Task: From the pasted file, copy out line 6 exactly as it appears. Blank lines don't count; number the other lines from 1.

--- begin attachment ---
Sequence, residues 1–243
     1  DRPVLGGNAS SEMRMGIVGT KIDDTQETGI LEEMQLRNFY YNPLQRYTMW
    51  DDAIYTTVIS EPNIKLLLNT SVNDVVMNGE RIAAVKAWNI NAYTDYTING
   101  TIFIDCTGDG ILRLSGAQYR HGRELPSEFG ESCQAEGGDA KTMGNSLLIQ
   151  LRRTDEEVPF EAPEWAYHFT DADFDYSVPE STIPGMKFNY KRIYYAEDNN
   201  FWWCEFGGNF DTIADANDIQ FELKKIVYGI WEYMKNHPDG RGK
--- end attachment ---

   201  FWWCEFGGNF DTIADANDIQ FELKKIVYGI WEYMKNHPDG RGK